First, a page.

What is Mobility on Demand?

It’s a very good question. It’s a relatively new concept. Probably hundreds of definitions are floating around, and there’s still a lot of confusion in the industry. Routematch tries to be intentional about separating the terms, because really mobility and on-demand services are two separate things. On-demand is nothing more than a service delivery mode, as is fixed-route or demand-response for paratransit. I don’t think on-demand is much more than a way to provide a microtransit service when a rider wants it. But microtransit is just one piece of the bigger mobility puzzle.

So how would you define mobility?

Mobility has to do two things. First, it has to be able to create and manage as many unique and distinct services as you want. These services have to run in parallel. Second, you have to be able to utilize all of the service providers within your community. Transit agencies know better than anyone that there’s no single service provider that can handle the full spectrum of mobility types out there. Without meeting those two fundamental pillars, you fall into the trap of selling a one-off microtransit solution.

By that definition, Uber and Lyft wouldn’t be in competition with transit agencies.

Exactly. Some of those walls are starting to be torn down. Definitely at the beginning, Uber and Lyft were seen as competitors. They disrupted the taxi industry. People were scared they were going to disrupt public transit. But the business model for Uber and Lyft is very different from public transit. They don’t have the same commitment to the community to do what public transit agencies are trying to do. By that I mean providing equitable services for all riders, whether it’s handling a mobility type or subsidizing the cost of the trip for an at-risk demographic. What Uber and Lyft did disrupt in public transit was the mindset.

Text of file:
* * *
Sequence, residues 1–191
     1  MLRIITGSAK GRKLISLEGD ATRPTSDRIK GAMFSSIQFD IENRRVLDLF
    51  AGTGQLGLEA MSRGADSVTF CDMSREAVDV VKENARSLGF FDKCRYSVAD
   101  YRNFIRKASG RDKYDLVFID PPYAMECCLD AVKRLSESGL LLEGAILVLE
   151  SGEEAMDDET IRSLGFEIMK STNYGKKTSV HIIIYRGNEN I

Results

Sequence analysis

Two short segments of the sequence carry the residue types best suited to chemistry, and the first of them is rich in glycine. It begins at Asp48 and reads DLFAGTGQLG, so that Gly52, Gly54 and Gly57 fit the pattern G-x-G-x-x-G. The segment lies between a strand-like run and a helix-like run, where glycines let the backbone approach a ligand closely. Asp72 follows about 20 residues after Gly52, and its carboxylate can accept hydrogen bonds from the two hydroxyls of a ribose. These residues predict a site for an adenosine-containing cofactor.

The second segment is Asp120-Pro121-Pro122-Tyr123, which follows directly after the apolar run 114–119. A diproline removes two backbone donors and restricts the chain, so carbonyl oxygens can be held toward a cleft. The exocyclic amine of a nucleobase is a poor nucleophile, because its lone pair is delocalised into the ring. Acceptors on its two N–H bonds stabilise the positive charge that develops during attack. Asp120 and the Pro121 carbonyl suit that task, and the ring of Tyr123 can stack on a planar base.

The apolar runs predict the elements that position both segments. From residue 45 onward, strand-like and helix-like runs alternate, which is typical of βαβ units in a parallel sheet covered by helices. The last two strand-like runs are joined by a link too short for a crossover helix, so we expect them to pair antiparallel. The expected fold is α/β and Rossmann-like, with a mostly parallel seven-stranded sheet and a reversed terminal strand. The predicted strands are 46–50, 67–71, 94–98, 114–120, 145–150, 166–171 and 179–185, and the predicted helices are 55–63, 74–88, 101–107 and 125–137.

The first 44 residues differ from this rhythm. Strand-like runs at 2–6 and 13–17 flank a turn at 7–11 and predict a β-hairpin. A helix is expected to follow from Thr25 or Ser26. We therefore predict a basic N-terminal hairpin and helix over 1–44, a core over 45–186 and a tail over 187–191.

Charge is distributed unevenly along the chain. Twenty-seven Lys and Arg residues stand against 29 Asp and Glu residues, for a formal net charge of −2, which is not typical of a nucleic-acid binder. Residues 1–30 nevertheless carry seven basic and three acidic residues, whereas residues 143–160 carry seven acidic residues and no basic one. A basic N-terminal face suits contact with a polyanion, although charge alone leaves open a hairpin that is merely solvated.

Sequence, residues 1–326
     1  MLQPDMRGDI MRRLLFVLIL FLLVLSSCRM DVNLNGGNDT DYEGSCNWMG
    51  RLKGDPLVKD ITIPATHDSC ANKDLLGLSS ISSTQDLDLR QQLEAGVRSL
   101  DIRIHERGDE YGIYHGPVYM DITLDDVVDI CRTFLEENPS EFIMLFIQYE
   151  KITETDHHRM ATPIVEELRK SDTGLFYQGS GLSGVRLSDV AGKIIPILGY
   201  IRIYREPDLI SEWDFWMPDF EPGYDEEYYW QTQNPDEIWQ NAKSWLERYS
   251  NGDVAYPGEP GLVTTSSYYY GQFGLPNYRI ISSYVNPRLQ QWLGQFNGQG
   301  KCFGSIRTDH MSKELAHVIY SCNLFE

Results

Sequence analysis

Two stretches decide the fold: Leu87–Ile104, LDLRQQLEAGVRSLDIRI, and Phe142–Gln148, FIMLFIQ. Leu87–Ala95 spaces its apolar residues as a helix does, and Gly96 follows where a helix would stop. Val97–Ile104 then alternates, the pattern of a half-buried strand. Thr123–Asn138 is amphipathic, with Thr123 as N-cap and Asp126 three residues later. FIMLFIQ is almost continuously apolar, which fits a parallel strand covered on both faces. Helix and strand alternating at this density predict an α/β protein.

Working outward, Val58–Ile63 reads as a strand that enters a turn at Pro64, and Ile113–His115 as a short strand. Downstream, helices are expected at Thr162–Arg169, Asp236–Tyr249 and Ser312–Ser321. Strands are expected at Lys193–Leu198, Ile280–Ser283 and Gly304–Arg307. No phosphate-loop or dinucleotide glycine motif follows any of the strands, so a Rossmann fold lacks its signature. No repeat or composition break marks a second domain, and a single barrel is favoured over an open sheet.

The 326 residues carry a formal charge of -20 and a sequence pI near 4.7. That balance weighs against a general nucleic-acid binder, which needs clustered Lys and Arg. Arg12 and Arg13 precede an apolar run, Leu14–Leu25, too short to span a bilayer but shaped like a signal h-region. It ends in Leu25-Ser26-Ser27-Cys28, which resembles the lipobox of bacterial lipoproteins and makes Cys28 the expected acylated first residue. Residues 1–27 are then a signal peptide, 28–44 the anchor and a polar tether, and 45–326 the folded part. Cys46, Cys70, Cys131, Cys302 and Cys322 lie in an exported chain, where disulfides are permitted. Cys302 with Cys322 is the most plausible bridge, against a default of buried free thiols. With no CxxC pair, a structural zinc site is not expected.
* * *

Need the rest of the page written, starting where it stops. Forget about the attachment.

What do you mean?

Riders want trips now. It’s not just a transit thing. Every industry is becoming on-demand, whether it’s streaming a movie or ordering groceries online. Consumers in the world we live in in 2019 want things to be on-demand. I think public transit saw that they were behind on meeting those needs and providing a really good rider experience, though any time you have a lack of funding, you have to make concessions. Over the years, ridership has declined. Historically, fleet efficiency and rider experience was a zero-sum game. You could do one or the other. On-demand says, “Hey, I can provide a better, more real-time experience for the rider, and also I can gain you efficiency because I’m considering what real-time supply is.” The data points that come into an on-demand platform allow for much smarter service delivery and automation in all the places that maybe concessions previously had been made.